Things just weren’t working for Washington for most of its NCAA Tournament second-round game against Purdue Saturday. The Boilermakers held a sizable rebounding edge. The Huskies went to the line just six times in the first half. Purdue was pumping in more points from the perimeter than UW. Washington usually controls those kinds of numbers.
The Huskies fell behind by 14 points with 14 minutes left and it didn’t look so good. Those numbers weren’t changing. Then, once again, Venoy Overton put his stamp on the valiant comeback. He did it simply by taking a foul and a flying elbow.
Overton was whistled for reaching in foul against Purdue’s E’Twaun Moore. But Moore finished up the play with a elbow that knocked Overton to the ground. The referees did nothing about it, but that angered the fans, most of whom were wearing purple. A purple rage. That was just the opportunity the fans and the Huskies needed to get charged up. Those numbers began turning the other way.
The Huskies, behind outstanding second-half efforts by Isaiah Thomas and Jon Brockman, reduced the margin to just two points five times but Purdue kept pushing it back. It was 73-71 with 1.36 left as Brockman made his seventh straight shot without a miss.
After Purdue failed on its possession, for the first time in the half the Huskies had the chance to tie or take the lead. But Purdue’s 6-foot-10 center JaJuan Johnson blocked two attempts, one inside and one outside, and that was the difference. Thomas had a chance to bring the Huskies back with 15 seconds left but missed an easy one underneath. Purdue held on.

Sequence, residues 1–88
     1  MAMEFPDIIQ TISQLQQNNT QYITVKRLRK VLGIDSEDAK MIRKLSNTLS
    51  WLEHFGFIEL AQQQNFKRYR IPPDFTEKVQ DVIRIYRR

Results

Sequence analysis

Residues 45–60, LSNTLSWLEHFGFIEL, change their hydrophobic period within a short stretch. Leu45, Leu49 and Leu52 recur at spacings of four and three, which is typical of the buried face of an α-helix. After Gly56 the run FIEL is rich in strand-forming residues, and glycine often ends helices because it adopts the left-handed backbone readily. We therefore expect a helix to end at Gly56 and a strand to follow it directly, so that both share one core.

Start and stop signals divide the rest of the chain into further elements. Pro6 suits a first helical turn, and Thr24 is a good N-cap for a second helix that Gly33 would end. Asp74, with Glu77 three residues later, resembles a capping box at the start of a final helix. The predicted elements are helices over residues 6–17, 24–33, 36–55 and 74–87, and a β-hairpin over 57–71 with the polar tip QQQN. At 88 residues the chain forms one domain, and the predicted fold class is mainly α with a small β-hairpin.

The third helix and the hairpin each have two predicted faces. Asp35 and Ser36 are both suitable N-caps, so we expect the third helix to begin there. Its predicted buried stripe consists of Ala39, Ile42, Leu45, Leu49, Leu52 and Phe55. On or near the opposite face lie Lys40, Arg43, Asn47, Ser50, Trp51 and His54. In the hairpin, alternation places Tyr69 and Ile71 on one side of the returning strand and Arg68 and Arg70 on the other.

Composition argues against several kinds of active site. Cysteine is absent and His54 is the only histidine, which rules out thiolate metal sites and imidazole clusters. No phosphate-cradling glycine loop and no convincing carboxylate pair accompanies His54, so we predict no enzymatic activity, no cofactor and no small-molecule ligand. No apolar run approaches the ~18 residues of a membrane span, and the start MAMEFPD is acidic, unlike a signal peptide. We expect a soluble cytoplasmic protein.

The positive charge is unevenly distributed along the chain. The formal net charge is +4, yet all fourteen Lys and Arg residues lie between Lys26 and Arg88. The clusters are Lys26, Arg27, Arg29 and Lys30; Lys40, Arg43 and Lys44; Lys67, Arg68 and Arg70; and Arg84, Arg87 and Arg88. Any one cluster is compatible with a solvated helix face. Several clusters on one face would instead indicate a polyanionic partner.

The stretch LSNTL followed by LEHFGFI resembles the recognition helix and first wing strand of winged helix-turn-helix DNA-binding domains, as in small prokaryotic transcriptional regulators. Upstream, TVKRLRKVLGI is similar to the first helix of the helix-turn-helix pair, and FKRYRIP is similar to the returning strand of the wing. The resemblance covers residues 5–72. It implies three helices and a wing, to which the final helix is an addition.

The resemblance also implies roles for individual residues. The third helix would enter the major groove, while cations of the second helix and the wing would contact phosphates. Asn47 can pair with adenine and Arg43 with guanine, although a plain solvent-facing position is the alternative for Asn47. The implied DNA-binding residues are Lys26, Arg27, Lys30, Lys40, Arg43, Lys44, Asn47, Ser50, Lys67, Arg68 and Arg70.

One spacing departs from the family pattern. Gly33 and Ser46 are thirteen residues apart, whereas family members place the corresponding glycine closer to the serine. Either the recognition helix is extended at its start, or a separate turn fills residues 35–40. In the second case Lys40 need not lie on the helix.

For me, it was surprising because the Huskies didn’t look like they usually do. Credit Purdue for taking away the Huskies strengths early. And credit the Boilermakers for hitting the big shots and the big blocks when they needed. I didn’t think they would do that as consistently as they did. They were steady throughout in what was clearly a road game for them.
Then as the buzzer sounded on the 76-74 loss, it immediately occurred to me that this was the end of a stellar career for Brockman. He finished with a final – and 59th – double-double, 20 points, 17 rebounds. He had accomplished what he hoped he would when he chose Washington over Duke four years ago. He wanted to guide the Huskies back to prominence. He did. They are. And the torch will be passed next season to Thomas, another local product.
Brockman leaves knowing that the program can sustain itself. This is going to be a good team next season with Thomas and Overton on the perimeter and Matthew Bryan-Amaning and Quincy Pondexter in the middle. They’ll continue to play Husky basketball, which has been characterized by Brockman for the past four years.